Continuous Three-Dimensional Control of a Virtual Helicopter Using a Motor Imagery Based Brain-Computer Interface

Researchers from University of Minnesota have taken the brain-computer interface a bit further by giving the user full control of the movements of a helicopter in a virtual environment. g087hpiuj Brain Computer Interface Steers Helicopter Movements in 3DAlthough experiments with brain-computer interfaces have been going on for quite some years already, most tasks have involved one dimensional or two dimensional movement (we recently covered mind controlled slot car racing). Three-dimensional control has been achieved with the use of invasive brain electrodes, but non-invasively this has been notoriously hard to achieve.

Here the researchers have achieved just that by using the EEG signal from a 64-channel EEG cap to record and decode sensorimotor rhythms induced from motor imaginations. The subjects first went through a training utilizing left/right arm, leg, tongue, and rest imaginations to move a cursor first in 1D and the n in 2D, before moving on to the 3D helicopter task. They even managed to differentiate between gross and fine movements on a continuous scale, allowing for fast and precise control of helicopter movement.

As a final task, the subjects controlled the helicopter with the goal of flying through randomly positioned rings. Impressively, they successfully acquired over 85% of presented targets. Although the authors foresee applications in neuroprosthetics and rehabilitative medicine, we are envisioning controlling real-life model helicopters or drones instead. The results were published online in PLoS ONE.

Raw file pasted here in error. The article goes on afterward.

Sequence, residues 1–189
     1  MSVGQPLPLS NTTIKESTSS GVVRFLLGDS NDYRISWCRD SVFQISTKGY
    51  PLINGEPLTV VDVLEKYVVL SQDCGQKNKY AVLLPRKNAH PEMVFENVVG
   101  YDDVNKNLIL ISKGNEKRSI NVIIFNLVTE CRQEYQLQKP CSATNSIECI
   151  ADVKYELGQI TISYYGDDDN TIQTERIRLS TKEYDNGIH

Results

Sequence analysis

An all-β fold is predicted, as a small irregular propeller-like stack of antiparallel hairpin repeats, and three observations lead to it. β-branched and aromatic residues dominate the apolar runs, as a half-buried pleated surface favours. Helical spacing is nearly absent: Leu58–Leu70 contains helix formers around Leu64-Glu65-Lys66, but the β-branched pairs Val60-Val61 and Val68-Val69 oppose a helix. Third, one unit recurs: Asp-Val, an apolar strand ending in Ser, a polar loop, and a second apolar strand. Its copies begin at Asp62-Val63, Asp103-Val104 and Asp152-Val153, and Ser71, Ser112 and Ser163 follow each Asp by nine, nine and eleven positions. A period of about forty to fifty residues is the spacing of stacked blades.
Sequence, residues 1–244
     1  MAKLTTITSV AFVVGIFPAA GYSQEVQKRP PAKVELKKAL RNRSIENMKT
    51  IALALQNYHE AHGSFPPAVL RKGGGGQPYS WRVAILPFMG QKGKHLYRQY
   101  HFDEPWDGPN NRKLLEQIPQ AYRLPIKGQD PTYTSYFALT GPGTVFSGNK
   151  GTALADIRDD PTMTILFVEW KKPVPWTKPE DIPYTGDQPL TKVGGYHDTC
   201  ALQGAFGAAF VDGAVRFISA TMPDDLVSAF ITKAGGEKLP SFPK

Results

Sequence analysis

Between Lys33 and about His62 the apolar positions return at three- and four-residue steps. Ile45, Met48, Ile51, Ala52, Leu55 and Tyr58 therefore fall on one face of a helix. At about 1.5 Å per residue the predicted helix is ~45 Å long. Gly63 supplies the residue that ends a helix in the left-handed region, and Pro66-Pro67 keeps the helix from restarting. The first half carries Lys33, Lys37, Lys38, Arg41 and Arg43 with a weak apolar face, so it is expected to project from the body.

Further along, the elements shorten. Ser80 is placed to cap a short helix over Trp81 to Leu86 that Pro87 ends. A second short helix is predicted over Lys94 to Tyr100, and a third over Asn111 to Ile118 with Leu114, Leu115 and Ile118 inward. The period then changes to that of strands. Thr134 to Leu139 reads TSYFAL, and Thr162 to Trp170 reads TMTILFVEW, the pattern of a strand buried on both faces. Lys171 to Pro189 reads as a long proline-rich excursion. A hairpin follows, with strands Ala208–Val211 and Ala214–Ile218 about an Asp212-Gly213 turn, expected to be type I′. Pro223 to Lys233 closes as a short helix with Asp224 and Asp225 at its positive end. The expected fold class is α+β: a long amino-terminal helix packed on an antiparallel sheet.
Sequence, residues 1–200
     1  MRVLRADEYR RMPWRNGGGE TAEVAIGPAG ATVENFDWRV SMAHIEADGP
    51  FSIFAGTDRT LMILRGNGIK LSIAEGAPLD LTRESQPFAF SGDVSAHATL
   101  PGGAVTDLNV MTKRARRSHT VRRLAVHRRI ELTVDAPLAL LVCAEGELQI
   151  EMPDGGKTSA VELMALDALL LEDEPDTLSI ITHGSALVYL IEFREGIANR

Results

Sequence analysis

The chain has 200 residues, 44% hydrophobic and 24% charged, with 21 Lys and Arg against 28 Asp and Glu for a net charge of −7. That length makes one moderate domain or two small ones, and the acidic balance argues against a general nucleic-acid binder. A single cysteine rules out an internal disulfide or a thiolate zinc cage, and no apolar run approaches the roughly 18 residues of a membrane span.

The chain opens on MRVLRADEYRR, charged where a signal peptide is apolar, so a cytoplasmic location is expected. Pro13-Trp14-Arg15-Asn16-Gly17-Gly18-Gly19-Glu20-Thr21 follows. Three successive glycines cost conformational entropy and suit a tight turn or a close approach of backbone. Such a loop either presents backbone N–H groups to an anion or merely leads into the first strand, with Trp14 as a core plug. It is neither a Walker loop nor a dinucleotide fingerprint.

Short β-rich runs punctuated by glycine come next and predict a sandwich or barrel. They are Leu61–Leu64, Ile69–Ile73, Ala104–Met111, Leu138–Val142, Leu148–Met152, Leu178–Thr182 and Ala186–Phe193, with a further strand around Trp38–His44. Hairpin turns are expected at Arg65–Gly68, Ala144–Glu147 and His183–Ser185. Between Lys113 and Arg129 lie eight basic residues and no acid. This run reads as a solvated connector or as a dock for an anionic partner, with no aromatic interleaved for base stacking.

Brain-computer interfaces (BCIs) allow a user to interact with a computer system using thought. However, only recently have devices capable of providing sophisticated multi-dimensional control been achieved non-invasively. A major goal for non-invasive BCI systems has been to provide continuous, intuitive, and accurate control, while retaining a high level of user autonomy. By employing electroencephalography (EEG) to record and decode sensorimotor rhythms (SMRs) induced from motor imaginations, a consistent, user-specific control signal may be characterized. Utilizing a novel method of interactive and continuous control, we trained three normal subjects to modulate their SMRs to achieve three-dimensional movement of a virtual helicopter that is fast, accurate, and continuous. In this system, the virtual helicopter’s forward-backward translation and elevation controls were actuated through the modulation of sensorimotor rhythms that were converted to forces applied to the virtual helicopter at every simulation time step, and the helicopter’s angle of left or right rotation was linearly mapped, with higher resolution, from sensorimotor rhythms associated with other motor imaginations. These different resolutions of control allow for interplay between general intent actuation and fine control as is seen in the gross and fine movements of the arm and hand. Subjects controlled the helicopter with the goal of flying through rings (targets) randomly positioned and oriented in a three-dimensional space. The subjects flew through rings continuously, acquiring as many as 11 consecutive rings within a five-minute period. In total, the study group successfully acquired over 85% of presented targets. These results affirm the effective, three-dimensional control of our motor imagery based BCI system, and suggest its potential applications in biological navigation, neuroprosthetics, and other applications.

Three-Dimensional Control of a Virtual Helicopter Using a Motor Imagery Based Brain-Computer Interface

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